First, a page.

World’s first artificial meteor shower to light sky over Japan in 2020

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A Japanese company which claims it can produce shooting stars on demand has said it will create the world’s first artificial meteor shower in 2020.

Tokyo-based start-up ALE said it is in the final stages of building two micro-satellites – each programmed to carry and release 400 tiny pellets anywhere, anytime and in any colour.

Each of these pellets will burn as they enter the atmosphere, creating a glow bright enough to be seen from Earth.

The first satellite is expected to hitch a ride into space on a rocket being launched by Japan’s space agency by March next year, and the second in mid-2019 on a private-sector rocket.

Two satellites will launch the shooting stars. Pic: ALE
Image:
Two satellites will launch the shooting stars in space. Pic: ALE

The plan is to have them orbiting the planet by February 2020, with a view to delivering a meteor shower over Hiroshima in spring the same year.

If the skies are clear the display could be visible to millions of people over an area spanning 124 miles, ALE said.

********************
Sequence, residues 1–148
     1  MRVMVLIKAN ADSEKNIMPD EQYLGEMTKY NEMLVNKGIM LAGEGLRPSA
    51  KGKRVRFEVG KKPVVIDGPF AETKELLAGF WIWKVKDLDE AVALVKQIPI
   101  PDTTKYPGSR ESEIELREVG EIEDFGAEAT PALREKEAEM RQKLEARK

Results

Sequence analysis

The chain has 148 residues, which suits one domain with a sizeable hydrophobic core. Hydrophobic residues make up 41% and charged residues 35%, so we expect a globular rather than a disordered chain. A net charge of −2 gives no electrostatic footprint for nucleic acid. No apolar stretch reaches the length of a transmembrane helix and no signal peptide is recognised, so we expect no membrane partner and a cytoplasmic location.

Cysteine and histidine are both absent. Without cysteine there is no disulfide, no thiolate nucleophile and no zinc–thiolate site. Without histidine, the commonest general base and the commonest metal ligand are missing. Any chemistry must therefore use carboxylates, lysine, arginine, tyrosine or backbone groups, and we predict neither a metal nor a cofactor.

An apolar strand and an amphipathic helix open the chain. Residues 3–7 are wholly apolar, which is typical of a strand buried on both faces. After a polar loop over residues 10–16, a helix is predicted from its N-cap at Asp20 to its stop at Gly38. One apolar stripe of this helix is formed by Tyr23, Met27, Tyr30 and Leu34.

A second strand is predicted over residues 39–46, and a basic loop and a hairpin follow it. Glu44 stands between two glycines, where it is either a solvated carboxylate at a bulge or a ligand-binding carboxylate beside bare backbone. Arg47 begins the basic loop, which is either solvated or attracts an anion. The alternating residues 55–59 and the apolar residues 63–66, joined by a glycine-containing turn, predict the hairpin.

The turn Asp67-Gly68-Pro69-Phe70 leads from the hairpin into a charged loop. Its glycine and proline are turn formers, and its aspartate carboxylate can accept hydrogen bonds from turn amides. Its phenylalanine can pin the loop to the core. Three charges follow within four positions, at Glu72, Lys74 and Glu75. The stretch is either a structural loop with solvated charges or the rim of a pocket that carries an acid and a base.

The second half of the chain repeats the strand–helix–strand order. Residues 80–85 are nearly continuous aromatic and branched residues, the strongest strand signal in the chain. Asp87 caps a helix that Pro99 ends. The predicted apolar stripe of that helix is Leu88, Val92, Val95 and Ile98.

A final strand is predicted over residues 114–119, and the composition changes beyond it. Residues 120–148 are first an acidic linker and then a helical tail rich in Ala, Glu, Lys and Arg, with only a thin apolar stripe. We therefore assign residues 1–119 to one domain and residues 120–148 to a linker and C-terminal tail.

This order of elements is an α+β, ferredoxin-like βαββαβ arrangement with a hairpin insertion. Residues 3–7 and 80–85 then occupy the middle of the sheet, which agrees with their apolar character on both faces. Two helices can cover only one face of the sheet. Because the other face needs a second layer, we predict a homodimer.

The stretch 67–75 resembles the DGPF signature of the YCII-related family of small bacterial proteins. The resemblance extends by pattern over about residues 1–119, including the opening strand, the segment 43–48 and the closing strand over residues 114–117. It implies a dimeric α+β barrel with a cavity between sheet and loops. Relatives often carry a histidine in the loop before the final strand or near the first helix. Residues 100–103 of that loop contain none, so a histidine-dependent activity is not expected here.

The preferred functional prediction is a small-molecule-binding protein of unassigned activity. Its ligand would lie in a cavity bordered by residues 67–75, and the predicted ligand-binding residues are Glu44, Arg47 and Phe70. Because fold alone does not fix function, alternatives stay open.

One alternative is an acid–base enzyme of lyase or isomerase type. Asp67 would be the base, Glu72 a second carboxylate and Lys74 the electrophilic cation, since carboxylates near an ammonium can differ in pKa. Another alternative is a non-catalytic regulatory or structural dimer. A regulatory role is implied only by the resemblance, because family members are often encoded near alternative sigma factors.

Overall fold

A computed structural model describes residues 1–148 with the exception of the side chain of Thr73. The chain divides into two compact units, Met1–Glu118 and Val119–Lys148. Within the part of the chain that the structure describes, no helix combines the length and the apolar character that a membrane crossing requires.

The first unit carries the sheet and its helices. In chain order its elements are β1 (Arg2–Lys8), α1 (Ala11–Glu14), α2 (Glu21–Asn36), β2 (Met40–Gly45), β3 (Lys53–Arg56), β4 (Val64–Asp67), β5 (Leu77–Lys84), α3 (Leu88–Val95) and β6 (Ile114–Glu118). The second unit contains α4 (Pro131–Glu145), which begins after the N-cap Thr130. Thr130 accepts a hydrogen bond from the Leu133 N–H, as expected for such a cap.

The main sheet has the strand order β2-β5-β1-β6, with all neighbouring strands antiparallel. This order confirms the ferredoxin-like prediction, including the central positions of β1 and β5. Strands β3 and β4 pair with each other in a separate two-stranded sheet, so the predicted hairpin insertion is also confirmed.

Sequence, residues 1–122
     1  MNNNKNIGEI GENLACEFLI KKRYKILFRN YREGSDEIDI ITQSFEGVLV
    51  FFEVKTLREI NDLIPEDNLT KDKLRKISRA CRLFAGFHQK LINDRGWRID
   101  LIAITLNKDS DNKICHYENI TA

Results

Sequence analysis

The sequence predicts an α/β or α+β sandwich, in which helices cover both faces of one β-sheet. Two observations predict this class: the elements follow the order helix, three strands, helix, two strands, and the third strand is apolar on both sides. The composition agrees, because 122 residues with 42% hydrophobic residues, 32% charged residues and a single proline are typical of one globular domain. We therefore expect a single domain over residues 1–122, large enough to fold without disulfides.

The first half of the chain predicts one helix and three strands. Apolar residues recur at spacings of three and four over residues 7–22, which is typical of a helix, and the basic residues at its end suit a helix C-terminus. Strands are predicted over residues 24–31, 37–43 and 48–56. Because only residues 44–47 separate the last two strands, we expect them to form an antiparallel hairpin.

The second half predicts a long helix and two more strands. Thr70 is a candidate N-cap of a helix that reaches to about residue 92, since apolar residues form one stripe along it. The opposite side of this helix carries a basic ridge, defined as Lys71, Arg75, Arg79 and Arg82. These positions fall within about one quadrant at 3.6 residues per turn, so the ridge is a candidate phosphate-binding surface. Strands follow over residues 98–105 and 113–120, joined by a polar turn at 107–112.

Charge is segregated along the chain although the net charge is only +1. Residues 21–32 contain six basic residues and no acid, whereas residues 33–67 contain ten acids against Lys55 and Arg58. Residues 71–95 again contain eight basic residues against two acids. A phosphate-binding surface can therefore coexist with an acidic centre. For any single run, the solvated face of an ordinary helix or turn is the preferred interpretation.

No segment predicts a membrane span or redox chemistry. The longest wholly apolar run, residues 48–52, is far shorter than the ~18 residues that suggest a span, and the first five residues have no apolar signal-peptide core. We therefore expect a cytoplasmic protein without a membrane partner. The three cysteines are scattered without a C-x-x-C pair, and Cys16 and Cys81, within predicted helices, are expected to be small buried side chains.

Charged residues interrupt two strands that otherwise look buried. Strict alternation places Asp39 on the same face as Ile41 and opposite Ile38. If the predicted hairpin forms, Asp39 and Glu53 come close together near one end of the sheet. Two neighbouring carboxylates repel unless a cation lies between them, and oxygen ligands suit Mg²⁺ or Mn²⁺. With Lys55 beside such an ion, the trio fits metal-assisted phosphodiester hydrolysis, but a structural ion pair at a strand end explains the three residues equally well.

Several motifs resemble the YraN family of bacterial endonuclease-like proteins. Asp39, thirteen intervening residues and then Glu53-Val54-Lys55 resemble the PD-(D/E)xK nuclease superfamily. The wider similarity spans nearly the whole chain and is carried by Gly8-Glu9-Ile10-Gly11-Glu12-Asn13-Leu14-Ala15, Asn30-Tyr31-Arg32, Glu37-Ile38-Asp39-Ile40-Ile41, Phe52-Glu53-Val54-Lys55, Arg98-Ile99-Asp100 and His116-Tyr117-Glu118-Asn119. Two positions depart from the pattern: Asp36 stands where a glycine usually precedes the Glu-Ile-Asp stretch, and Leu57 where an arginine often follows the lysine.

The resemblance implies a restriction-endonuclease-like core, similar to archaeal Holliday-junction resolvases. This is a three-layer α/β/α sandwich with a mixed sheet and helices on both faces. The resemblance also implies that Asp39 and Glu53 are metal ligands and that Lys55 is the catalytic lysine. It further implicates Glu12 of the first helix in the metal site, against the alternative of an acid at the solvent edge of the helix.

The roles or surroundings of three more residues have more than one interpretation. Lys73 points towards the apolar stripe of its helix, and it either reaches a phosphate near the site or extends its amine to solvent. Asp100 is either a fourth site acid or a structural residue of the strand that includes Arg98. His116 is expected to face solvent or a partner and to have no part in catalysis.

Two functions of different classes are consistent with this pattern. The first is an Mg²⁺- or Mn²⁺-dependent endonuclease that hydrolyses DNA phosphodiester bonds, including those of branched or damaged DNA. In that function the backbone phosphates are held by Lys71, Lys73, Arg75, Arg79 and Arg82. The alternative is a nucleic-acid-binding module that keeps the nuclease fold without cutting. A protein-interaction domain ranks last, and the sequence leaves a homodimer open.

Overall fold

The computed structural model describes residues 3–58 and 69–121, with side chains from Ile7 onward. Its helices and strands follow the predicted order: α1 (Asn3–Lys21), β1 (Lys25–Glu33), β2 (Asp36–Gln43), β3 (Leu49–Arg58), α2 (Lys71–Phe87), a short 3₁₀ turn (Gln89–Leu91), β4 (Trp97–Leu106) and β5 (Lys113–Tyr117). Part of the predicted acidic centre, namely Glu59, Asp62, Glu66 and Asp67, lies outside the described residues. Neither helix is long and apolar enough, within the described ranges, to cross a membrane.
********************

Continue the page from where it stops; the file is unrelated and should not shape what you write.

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The chemical make-up of the shooting stars remains a secret, but the company claims it should be able to change the colours of each particle to deliver a colourful display.

Each satellite will have enough pellets for 20-30 events, and the shine of each star is expected to last for several seconds before burning up.

Each pellet will burn bright as it enters the Earth&#39;s atmosphere. Pic: ALE
Image:
Each pellet will burn bright as it enters the Earth’s atmosphere. Pic: ALE

“We are targeting the whole world, as our stockpile of shooting stars will be in space and can be delivered across the world,” ALE chief executive Lena Okajima told a news conference.

Details of how much the firm expects to charge people for their own made-to-order meteor showers have yet to be disclosed.

ALE is said to be spending $20m (£15.4m) on the development, production, launch and operation of the two satellites, which the company says will be able to stay in space for around two years.


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